On the 43rd anniversary of the war on April 13th 2018, ACT installed three-dimensional figures representing the disappeared in 35 different places in Beirut and the suburbs where they were kidnapped. The objective was not to stigmatize the areas because of violent acts committed there, but to move beyond the differences and cooperate in searching for the truth.

For the duration of the campaign that lasted for weeks, a bus toured Beirut and its suburbs, with the following message: "In order to turn the page of the war, heal its wounds, let us contribute to unfolding the truth". The bus was not a random transportation means, but a recall of how the war started in 1975, by an attack on a bus that sparked a series of retaliations. Citizens were invited to embark and check out a map showing memorials and places related to the war, as well as information and testimonies.

Throughout the year, ACT works on generating greater public visibility for the cause through the preparation and dissemination of informational materials, including TV spots, animation films, posters, and various publications.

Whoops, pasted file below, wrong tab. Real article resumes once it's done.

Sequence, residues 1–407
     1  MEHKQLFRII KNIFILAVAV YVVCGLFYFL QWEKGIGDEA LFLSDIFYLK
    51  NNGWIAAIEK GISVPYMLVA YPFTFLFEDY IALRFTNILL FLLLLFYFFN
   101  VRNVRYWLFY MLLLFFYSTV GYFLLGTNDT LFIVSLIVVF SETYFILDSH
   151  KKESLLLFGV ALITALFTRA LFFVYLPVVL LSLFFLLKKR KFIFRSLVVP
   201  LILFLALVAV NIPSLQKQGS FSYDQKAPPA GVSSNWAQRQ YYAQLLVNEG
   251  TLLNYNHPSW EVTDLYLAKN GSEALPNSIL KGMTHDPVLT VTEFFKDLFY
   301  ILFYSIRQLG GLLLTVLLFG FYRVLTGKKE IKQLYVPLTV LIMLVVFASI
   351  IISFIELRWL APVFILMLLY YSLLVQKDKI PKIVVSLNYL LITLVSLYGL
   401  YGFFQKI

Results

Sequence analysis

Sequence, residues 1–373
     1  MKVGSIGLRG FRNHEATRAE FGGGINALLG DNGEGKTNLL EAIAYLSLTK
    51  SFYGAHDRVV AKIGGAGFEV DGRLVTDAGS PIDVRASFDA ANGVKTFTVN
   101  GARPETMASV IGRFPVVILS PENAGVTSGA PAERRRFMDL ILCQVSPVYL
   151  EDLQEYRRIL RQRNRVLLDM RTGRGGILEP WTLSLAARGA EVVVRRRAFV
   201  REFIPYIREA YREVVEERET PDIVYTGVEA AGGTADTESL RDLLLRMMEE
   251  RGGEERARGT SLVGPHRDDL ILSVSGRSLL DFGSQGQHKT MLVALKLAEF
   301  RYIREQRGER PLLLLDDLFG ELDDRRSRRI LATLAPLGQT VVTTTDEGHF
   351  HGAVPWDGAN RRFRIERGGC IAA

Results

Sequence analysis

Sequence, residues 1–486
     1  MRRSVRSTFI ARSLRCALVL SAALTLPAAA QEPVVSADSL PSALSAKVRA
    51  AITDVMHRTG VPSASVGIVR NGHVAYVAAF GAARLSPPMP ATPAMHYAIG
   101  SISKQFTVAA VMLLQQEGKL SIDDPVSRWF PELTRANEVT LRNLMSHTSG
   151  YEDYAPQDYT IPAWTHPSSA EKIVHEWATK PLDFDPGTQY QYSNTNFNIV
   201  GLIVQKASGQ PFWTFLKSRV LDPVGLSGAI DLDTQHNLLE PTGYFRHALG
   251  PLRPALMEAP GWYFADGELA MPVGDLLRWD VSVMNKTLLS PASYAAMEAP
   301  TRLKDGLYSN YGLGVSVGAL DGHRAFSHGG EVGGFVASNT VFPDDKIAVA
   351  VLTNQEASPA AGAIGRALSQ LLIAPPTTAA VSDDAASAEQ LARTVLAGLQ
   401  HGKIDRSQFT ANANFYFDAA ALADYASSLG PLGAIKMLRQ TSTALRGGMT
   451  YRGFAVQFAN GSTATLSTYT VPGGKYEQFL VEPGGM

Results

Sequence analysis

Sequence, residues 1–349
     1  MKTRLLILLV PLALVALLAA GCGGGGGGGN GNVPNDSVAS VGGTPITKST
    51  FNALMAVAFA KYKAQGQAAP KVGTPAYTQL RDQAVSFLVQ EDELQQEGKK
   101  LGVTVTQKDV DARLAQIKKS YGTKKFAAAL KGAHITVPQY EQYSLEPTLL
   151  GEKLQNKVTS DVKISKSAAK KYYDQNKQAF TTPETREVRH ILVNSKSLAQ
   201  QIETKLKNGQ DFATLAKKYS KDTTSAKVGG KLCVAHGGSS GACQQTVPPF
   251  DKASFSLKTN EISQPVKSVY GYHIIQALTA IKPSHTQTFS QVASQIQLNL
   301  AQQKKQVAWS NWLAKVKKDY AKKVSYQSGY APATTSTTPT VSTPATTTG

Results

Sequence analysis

As a result of the hard work of ACT and "The Committee", the Lebanese Parliament passed on November 12th 2018 passed a law creating a commission to investigate the disappearances,  a significant victory in a battle families have been waging to unearth the fate of their loved ones. The commission will be made up of investigators, scientists to locate the disappeared – both those who are alive and the bodies of those who died – and inform their families about their fate. The commission will also be empowered to work with the judiciary and the Internal Security Forces to decide whether potential mass grave sites qualify to be legally protected from interference.  The commission is still not functional.